Myanmar – Day 5 & 6

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I realize this post is two weeks overdue, but I have two excuses for my tardiness:

  1. First, I was exhausted from my return travel, was sick for 4 or 5 days right after getting back, and had to put all writing on hold for a bit to recover.
  2. More importantly, I’ve needed more time to process these experiences. I felt like I couldn’t respond as well as I wanted on here, so I put it on hold for that reason too.

But here I am, two weeks later, ready to share with you all what went down on my last two days in Yangon before embarking on our 9 million hour trip back home. Let’s talk about days 5 and 6. If you need to, here are the past posts from my pilgrimage:

Pilgrimage to Myanmar & Thailand
Bangkok – Day 1
Bangkok – Day 2
Myanmar – Day 3
Myanmar – Day 4

If you’ve read these posts, you know that my most recent responses haven’t been entirely positive. The culture had me really down in the dumps. It felt hopeless, lost and confusing. I was really caught up in the thought that the kids there were being pushed into Buddhism because it was the cultural norm, and they weren’t given an opportunity to choose their faith (or lack thereof) for themselves.

On Thursday – Day 3 – I saw teenagers “worshipping” at Shwedagon Pagoda, adopting a Buddhist way of life.

On Friday – Day 4 – I saw little kids playing while their parents were kneeling before a giant Buddha, creating a sad juxtaposition between how much ope there is for kids, yet how little I find for many adults.

Saturday and Sunday changed everything.

The entire week I was searching for ways where God was at work in Myanmar. In our class debriefs each evening, we would practice Ignatius’s exercise of consolation/disconsolation – where we saw God at work, and where we saw God grieving – and I am excited to share that the areas of consolation were way easier to report on these last two days.

Both days were spent at Ywama Baptist Church in Yangon, and I can tell you that hope abounds at YBC.

On Saturday we spent an hour playing with street kids. Many children in Yangon are expected to sell things on the streets to help provide for their families. Ywama Baptist Church began an outreach program to these kids, providing them with a place to play, laugh, sing and dance for just an hour or so each weekend. They also provide them with a place to shower and clean up because hygiene is not a priority for these kids.

I spent my time with the kids making goofy faces and teaching some dance moves – Gangnam Style is universal apparently. – while they covered my face with makeup and made fun of my inability to break dance. Typical language barrier activities.

It’s nothing huge, but it’s a place for kids to connect and feel like they belong. Which is actually a way bigger deal than it sounds. Belonging to something positive is hugely important for kids. Especially for kids growing up in such bummer circumstances. And while Buddhism attempts to transcend suffering through achieving “enlightenment”, the Church enters into suffering as a change agent. It’s hope for the hopeless.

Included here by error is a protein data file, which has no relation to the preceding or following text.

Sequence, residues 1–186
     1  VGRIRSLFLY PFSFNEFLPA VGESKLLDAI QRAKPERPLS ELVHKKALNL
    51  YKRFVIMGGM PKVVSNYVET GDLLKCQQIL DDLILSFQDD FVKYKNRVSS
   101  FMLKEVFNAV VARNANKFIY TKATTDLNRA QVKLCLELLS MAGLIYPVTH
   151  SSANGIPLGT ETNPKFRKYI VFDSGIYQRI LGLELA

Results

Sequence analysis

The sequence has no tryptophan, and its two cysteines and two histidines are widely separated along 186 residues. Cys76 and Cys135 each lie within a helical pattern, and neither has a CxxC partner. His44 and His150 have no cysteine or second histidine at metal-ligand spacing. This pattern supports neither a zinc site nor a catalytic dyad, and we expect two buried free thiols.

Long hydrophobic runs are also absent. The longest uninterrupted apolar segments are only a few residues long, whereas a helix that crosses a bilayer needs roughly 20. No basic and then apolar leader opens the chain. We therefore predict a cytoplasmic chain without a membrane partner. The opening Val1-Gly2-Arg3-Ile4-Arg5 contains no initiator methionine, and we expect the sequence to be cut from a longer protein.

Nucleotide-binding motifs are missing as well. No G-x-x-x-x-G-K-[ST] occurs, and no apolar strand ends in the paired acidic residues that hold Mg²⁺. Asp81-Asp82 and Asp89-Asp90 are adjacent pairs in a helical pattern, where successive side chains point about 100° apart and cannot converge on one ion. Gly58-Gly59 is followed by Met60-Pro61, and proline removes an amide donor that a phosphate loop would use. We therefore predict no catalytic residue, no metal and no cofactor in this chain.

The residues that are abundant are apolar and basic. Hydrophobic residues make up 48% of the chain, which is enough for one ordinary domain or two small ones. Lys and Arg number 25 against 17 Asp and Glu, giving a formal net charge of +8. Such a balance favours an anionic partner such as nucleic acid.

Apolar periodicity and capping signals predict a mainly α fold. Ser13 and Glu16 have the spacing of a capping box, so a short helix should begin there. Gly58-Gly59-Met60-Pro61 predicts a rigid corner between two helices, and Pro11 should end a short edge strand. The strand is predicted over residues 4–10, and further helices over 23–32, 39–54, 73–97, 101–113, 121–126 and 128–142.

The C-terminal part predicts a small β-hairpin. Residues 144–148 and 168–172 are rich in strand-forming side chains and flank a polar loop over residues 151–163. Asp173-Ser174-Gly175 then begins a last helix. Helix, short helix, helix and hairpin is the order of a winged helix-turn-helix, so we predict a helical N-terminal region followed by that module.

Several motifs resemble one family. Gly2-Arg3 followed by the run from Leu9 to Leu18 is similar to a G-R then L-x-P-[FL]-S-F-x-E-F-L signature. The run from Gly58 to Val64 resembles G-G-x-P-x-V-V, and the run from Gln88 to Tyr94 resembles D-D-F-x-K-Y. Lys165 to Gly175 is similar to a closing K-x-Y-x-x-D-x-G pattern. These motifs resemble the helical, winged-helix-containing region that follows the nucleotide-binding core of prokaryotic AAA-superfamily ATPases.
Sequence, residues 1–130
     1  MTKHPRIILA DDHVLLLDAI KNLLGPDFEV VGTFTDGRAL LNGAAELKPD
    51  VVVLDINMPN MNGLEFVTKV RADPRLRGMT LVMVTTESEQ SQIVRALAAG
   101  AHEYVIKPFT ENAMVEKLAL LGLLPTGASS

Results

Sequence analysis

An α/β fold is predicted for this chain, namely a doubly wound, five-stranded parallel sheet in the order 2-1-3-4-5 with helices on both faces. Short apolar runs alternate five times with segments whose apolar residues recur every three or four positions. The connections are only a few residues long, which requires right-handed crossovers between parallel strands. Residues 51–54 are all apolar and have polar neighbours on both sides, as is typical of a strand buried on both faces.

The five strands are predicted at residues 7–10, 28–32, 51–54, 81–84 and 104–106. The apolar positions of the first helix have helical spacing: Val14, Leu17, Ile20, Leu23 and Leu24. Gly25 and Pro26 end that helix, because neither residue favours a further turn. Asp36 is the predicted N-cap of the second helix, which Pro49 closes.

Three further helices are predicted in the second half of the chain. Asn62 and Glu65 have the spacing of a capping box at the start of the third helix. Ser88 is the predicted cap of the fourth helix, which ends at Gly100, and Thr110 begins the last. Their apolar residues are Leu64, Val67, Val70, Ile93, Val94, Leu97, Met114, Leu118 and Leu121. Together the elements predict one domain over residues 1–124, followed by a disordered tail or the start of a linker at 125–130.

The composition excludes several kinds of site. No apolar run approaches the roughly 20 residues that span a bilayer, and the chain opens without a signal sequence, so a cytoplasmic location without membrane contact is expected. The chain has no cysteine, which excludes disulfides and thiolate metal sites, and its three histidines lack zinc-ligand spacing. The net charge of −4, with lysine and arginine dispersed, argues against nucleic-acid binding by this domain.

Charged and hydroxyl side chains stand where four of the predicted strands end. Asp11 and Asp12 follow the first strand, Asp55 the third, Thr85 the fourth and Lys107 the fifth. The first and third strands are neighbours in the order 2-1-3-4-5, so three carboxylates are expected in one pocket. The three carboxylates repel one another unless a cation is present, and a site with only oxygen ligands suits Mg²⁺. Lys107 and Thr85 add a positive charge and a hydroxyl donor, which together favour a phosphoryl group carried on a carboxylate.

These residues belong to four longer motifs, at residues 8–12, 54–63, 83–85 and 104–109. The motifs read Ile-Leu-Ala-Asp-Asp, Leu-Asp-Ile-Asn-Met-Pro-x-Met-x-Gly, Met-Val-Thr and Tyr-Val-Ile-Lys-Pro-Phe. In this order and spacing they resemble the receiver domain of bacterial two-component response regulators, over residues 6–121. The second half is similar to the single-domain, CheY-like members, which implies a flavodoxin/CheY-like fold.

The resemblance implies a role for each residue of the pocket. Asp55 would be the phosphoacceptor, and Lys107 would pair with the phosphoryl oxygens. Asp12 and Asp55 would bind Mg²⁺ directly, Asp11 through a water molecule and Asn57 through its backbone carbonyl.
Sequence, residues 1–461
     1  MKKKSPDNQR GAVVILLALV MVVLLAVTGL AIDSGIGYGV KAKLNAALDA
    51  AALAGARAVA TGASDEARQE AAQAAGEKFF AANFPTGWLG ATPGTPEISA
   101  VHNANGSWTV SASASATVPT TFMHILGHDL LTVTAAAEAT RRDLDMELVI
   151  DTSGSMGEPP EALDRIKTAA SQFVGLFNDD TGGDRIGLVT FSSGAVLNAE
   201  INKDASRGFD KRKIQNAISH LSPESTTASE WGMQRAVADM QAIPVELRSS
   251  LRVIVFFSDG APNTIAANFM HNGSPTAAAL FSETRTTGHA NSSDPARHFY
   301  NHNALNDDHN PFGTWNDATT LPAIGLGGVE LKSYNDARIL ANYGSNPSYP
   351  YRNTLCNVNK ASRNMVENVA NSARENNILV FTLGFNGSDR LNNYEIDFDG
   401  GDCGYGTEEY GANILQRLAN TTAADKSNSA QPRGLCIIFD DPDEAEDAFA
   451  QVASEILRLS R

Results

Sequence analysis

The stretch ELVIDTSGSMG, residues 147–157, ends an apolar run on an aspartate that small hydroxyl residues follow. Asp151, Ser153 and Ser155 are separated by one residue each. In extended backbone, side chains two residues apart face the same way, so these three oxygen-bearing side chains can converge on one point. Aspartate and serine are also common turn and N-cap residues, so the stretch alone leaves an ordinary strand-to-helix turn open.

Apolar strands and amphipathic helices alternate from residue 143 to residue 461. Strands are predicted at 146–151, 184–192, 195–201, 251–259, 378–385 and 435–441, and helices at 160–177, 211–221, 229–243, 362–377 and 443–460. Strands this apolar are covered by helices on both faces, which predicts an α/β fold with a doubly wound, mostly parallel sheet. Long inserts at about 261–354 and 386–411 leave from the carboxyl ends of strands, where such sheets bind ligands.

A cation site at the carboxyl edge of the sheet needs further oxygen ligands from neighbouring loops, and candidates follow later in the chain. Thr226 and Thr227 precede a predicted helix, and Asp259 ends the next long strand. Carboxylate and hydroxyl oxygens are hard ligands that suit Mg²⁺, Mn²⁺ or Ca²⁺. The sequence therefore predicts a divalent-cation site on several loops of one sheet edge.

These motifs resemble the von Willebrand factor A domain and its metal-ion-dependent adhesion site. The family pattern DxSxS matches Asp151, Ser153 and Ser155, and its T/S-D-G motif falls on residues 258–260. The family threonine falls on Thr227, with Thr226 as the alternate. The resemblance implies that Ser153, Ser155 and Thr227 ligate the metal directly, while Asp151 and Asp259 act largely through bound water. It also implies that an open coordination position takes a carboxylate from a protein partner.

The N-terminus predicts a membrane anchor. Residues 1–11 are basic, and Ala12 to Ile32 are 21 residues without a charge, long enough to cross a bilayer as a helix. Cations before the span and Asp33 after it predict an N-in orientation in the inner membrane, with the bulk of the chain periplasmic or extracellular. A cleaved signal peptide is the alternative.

They also have a health clinic that provides affordable doctors and dentists to the rest of the public. How incredible is that?! The Church in Myanmar, it turns out, is vibrant and full of life!

This was most evident on Sunday morning, when we had the opportunity to worship with hundreds of Burmese people at YBC. I was blown away by the number of people gathered for worship that morning. They had a choir and a orchestra group to play along with them. There was such joy and excitement in that space, and I felt like God was doing significant things both within their church, but for the Yangon community at large.

It was a powerful day. And I left Ywama thinking about how powerful a place like that was for a community with so many needs both physical and spiritual.

Days 5 and 6 were the best of the pilgrimage. I appreciated the immersion into Buddhist culture, and I’m going to be continually trying to unpack these experiences for years to come, but my greatest moments were the ones full of joy, life and love at Ywama Baptist Church.

God is at work in Yangon. Sounds obvious, but it took me a surprisingly long time to notice it. And it was an honor to observe, learn from and participate in his work in my short time there.

-apc.

Myanmar – Day 4

Today (Friday) was my birthday. Moving on.

We visited another pagoda this morning with another buddha sitting in the center. I’m already desensitized to seeing pagodas and buddhas. I’m certain I’ve seen hundreds of both in the two days I’ve been here so far. I mean, you’ve seen one, you’ve seen em all, right?

While we were at the pagoda, I wasn’t very interested in observing more people kneeling and praying at the feet of another buddha, so, instead, I walked to the edge of the area and watched a group of small children chasing each other around. They were giggling and playing and squealing and laughing and doing all the things that children do.

It felt surprisingly normal.

Kids are kids wherever you go. Whether in Myanmar or Kansas City or Europe or Uranus, kids are always the same. We all start the same. We giggle and play and squeal and laugh and do all the things that children do.

It felt right and unbroken.

I may have even shed a tear.

I turned around and faced the buddha behind me and watched two different groups of people engage the statue. First, the parents of these kids were doing their rituals and chanting their prayers. Second, all the Americans who were there to sightsee were snapping photos and asking questions about what the heck was going on.